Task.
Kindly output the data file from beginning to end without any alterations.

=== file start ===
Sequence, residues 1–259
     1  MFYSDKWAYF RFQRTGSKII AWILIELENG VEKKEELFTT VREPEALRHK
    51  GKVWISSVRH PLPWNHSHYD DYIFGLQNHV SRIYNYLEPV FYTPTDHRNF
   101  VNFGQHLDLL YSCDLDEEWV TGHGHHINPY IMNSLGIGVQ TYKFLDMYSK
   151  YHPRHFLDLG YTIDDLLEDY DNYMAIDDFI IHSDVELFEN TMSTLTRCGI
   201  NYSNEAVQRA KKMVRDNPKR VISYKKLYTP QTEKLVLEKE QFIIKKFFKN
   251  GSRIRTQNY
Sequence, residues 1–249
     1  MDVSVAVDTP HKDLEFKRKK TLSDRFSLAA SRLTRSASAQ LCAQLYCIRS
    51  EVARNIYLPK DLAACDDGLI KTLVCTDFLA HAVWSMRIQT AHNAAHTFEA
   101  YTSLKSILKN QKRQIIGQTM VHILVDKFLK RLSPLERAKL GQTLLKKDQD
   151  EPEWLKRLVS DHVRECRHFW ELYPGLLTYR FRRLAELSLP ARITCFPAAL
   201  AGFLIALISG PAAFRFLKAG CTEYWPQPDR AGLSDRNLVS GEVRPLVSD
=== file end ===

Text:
Sequence, residues 1–259
     1  MFYSDKWAYF RFQRTGSKII AWILIELENG VEKKEELFTT VREPEALRHK
    51  GKVWISSVRH PLPWNHSHYD DYIFGLQNHV SRIYNYLEPV FYTPTDHRNF
   101  VNFGQHLDLL YSCDLDEEWV TGHGHHINPY IMNSLGIGVQ TYKFLDMYSK
   151  YHPRHFLDLG YTIDDLLEDY DNYMAIDDFI IHSDVELFEN TMSTLTRCGI
   201  NYSNEAVQRA KKMVRDNPKR VISYKKLYTP QTEKLVLEKE QFIIKKFFKN
   251  GSRIRTQNY
Sequence, residues 1–249
     1  MDVSVAVDTP HKDLEFKRKK TLSDRFSLAA SRLTRSASAQ LCAQLYCIRS
    51  EVARNIYLPK DLAACDDGLI KTLVCTDFLA HAVWSMRIQT AHNAAHTFEA
   101  YTSLKSILKN QKRQIIGQTM VHILVDKFLK RLSPLERAKL GQTLLKKDQD
   151  EPEWLKRLVS DHVRECRHFW ELYPGLLTYR FRRLAELSLP ARITCFPAAL
   201  AGFLIALISG PAAFRFLKAG CTEYWPQPDR AGLSDRNLVS GEVRPLVSD